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'Hear the Word!' by Bill Ayres: 31st Sunday in Ordinary Time

Posted by Bill Ayres on Oct 30, 2021 6:00:00 AM

31st Sunday in Ordinary Time - 2021 - imageA reading from the Book of Deuteronomy

(Chapter 6:2-6)

“Moses spoke to the people, saying: “Hear, O Israel! The Lord is our God, the Lord alone! Therefore, you shall love the Lord, your God, with all your heart, and with all your soul, and with all your strength.”

That is the basis of Judaism, monotheism, loving the one God. The Jews were the first and for centuries the only religious group to worship one God. What an amazing breakthrough! They have been hated and even killed for their faith from ancient times through the horrors of the Holocaust and down to our own time, in our own country. Let us pray for the Jewish people and give thank them for their faithfulness amid persecution.

“Fear the Lord your God, and keep, throughout the days of your lives, all his statutes and commandments which I enjoin on you, and thus have a long life.” This Moses’ challenge to his people. But the “statutes and commandments” imposed on the Jews eventually went way beyond what was handed down to Moses to include more than 600 regulations affecting every aspect of life.

Jesus challenged that approach, knowing that the laws were like a millstone around the necks of the people instead of their liberation. He was criticized and condemned for actually breaking the law to heal people on the Sabbath.

For us Christians, salvation that is more than “a long life” that Moses promised but rather eternal life comes from faith in Jesus. As St. Paul tells us, we are saved through faith in Jesus not through the Law.

Responsorial Psalm

(Psalm 18)

“I love you O Lord, my strength.” Do you believe that your true and enduring strength comes from the Lord? How have you experienced that strength? Do you sometimes doubt it? Let us be thankful for all the times when God has strengthened us.

A reading from the Letter to the Hebrews

(Chapter 7:23-28)

The high priest was a very important figure in the Jewish religion. The author wants his audience, who were mostly Jewish Christians, to know that Jesus is the one high priest. “The levitical priests were many because they were prevented by death from remaining in office, but Jesus, because he remains forever, has a priesthood that does not pass away…. He has no need, as did the high priests, to offer sacrifice day after day, first for his own sins and then for those of the people; he did that once for all when he offered himself.”

This is a radical statement because it gets to the root of Christianity. Salvation comes from Jesus, not from the high priest offering sacrifices every day. The Eucharist, which is a renewal of the sacrifice Jesus made on the cross, brings his very presence to us in the forms of bread and wine.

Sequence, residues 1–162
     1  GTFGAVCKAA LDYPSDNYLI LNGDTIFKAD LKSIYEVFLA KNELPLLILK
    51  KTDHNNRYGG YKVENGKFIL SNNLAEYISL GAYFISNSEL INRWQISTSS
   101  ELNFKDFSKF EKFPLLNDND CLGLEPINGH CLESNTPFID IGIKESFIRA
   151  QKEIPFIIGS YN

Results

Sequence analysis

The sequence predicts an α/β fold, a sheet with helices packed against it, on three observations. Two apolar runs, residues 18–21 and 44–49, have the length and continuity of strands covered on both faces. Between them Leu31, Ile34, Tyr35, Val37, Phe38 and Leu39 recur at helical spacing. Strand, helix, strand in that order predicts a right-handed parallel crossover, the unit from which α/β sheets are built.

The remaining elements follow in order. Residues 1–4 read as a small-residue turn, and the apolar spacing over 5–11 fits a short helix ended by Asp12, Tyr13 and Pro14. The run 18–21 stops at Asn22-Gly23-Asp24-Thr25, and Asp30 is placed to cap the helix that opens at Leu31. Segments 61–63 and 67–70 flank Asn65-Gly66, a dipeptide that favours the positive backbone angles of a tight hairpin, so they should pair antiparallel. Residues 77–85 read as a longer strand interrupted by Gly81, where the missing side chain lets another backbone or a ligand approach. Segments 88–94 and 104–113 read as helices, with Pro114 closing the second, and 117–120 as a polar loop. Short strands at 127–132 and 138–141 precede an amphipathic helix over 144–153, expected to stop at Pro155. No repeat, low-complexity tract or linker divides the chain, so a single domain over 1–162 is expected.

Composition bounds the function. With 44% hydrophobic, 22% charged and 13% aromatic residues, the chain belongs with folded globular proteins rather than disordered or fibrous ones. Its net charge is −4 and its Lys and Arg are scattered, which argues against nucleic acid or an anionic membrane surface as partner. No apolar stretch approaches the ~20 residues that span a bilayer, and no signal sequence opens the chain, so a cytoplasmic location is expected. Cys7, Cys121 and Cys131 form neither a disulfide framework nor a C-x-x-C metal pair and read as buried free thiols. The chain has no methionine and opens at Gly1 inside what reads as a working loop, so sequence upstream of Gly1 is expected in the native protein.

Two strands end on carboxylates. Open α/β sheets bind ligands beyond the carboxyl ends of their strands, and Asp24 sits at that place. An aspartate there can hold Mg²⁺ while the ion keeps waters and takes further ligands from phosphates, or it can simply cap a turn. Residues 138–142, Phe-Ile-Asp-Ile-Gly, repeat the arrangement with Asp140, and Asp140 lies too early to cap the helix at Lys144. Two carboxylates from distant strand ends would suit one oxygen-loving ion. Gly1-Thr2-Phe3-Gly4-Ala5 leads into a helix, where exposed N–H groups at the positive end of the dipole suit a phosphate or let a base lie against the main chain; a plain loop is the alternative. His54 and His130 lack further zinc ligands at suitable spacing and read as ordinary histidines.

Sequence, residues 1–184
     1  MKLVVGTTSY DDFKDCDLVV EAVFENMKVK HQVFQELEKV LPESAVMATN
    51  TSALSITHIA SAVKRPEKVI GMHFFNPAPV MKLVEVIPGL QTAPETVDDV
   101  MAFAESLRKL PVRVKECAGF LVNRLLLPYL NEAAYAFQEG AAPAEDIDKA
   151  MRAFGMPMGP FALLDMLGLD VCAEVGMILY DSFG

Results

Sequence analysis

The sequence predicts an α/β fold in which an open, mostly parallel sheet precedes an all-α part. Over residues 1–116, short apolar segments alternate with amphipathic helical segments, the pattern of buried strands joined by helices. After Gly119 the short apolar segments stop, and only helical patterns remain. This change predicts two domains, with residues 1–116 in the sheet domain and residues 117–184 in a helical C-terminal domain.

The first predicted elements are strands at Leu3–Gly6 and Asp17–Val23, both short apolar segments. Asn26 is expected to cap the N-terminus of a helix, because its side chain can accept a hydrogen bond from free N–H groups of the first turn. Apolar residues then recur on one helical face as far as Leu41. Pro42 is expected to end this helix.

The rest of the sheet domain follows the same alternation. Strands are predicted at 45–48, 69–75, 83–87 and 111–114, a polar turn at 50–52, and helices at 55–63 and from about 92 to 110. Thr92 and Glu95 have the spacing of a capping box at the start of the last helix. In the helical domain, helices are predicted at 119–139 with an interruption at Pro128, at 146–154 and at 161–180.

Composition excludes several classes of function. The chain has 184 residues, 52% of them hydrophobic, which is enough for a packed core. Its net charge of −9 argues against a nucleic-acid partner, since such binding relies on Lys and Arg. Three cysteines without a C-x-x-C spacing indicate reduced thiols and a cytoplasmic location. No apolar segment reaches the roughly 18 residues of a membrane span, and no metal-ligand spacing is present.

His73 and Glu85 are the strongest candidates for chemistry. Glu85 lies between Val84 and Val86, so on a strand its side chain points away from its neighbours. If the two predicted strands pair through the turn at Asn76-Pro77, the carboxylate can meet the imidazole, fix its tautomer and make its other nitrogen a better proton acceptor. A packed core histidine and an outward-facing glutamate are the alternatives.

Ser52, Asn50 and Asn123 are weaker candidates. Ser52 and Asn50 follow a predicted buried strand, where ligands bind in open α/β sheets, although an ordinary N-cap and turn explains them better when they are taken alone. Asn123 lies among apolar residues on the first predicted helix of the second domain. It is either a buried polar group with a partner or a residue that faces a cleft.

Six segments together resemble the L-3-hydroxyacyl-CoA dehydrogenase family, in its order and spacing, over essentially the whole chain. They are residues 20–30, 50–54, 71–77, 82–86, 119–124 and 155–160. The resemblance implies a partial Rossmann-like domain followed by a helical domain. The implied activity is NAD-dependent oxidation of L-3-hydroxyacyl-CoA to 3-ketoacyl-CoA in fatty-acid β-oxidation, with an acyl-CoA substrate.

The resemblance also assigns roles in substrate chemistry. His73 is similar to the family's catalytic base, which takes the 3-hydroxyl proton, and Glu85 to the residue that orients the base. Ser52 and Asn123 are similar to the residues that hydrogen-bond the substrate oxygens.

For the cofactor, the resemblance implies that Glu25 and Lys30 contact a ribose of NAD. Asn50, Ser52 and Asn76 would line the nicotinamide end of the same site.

A reading from the Holy Gospel according to Mark

(Chapter 12:28-34)

“One of the scribes came to Jesus and asked him, ‘Which is the first of all the commandments.’ Jesus replied, ‘The first is this. Hear O Israel! The Lord our God is Lord alone! You shall love the Lord your God with all your heart, with all your soul, with all your mind, and with all your strength. The second is this: You shall love your neighbor as yourself.’ … The scribe said to him ‘Well said, teacher.’” Then Jesus said to him, “‘You are not far from the kingdom of God.’ And no one dared to ask him any more questions.”

That’s it! Love God and love your neighbor as yourself, two seemingly simple commandments. Yet, they are endlessly challenging. What does it really mean to love God and my neighbor? And the age-old question that Jesus was asked two thousand years ago, who is my neighbor? It is certainly not only the folks next door. Is it only the people we work with, play with, worship with, and do business with? Is it only those who think like us, believe like us, vote like us, and have the same nationality or color as us? Or is our neighbor the man in the story Jesus told about the Good Samaritan when someone asked him that question? That was a man who Jews thought of as an enemy, a heretic, and yet he was the person who saved the life of the man who had been attacked by robbers. The victim’s own people passed him by, but then the “enemy” was the true neighbor.

Photo by Silvain Brison on Upsplash

Excerpts from the English translation of the Lectionary for Mass © 1969, 1981, 1997, International Commission on English in the Liturgy Corporation (ICEL). All rights reserved.

Bill Ayers was a founder, with the late singer Harry Chapin, of WhyHunger. Bill was a radio and TV broadcaster for 40 years. He is a member of Our Lady Queen of Martyrs Church in Centerport, New York.


Topics: Reflections on the coming Sunday's Gospel, RENEW International, salvation is through Jesus, Jesus as high priest

Bill Ayres

Written by Bill Ayres

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